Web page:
The cultivation of wine grapes has always been part of the general agricultural economy in France. Not until the later decades of the nineteenth century did specialization in viticulture become extensive, a tendency that entailed risks and was limited mainly to lower Languedoc and Roussillon. Vignerons who did not make wine, who sold their grapes directly tonégociants-éleveurs, rarely enjoyed a comfortable income. Like general farmers in an industrial society, their monetary revenues were seriously lower than the level of the national income, rising rarely above 70 percent of the latter.¹ Their situation was better if they transformed their grapes...

  14. CHAPTER SEVEN The Commerce of Wine
    (pp. 177-211)

    The nineteenth century was not only a period of major viti-vinicultural change, it was also a period of almost feverish commercial activity. In the second half of the century, the major and the main secondary railway lines had been laid out and were in use. At first large casks or tuns containing several thousand liters were loaded onto flatcars (see figure 7.1) and sent out to markets formerly unattainable except by slow barge and wagon transport at high costs—too high for any but the finer, expensive wines. With the putting into service of tank cars in the late nineteenth...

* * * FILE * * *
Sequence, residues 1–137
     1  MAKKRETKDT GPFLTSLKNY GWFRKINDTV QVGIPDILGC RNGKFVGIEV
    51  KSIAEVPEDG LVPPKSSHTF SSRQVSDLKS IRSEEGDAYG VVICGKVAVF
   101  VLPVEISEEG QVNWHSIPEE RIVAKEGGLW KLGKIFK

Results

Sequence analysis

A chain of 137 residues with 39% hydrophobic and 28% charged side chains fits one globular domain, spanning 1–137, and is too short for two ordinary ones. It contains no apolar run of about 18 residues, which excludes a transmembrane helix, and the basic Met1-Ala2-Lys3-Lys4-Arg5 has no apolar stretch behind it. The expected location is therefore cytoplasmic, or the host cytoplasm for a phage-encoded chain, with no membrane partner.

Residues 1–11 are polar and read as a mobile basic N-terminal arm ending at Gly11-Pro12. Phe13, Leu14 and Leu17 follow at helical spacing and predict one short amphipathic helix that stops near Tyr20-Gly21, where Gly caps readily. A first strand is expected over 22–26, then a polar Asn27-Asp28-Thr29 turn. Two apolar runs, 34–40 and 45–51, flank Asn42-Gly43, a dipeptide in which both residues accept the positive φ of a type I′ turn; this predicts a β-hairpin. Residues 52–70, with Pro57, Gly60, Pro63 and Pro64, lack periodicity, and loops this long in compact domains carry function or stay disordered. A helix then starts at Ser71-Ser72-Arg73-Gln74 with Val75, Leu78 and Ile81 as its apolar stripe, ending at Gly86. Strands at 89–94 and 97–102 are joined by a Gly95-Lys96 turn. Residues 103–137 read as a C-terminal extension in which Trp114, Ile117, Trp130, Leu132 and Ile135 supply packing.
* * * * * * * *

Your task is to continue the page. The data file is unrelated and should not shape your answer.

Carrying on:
15. CHAPTER EIGHT Conditions of Life: Propertied Growers
    (pp. 212-243)

    The vignerons who were able to leap with unblemished joy at 11 a.m. on November 11, 1918, and could emerge from the stench and filth of their trenches, still sound in body and mind, were indeed a happy and lucky array of homesick rustics. Like the hordes of demobilized farmers, they returned to home and land. There they found their families: wives fatigued from overwork, children older and active on the land, and vines in diverse states of neglect. Because they did not reach home before winter had set in, the harvest having been completed two or three months earlier,...

  16. CHAPTER NINE Conditions of Life: Laborers
    (pp. 244-259)

    Wage workers, like small independent vineyard owners, steadily declined in number during the eight decades of this century. And for the same basic reasons came the abandonment by their children of a life that offered an uncertain future. As their hope of rising in status by acquiring land declined, so did their numbers. It was always difficult for a vine dresser without property to accept the condition of landlessness. This is why so many of them, really a majority in most viticultural regions, bought small parcels of land in order to become worker-owners. This urge to possess even a few...

  17. CONCLUSION
    (pp. 260-266)

    The persons whose lives and endeavors make up this volume belong to three generations: that of the 1910s, that of the 1930s and ’40s, and finally that of the 1970s and ’80s. The first prepared the way for the unprecedented transformation of grape and wine growing that followed World War I. Their successors, recognizing that a new age had been inaugurated by so devastating a war, were far more foreseeing than their political leaders whose goal was to restore the past. They were the first wave of viticultural revolutionaries, youthful and ready for action. The revolution in which many of...

  18. NOTES
    (pp. 267-282)
  19. INDEX
    (pp. 283-288)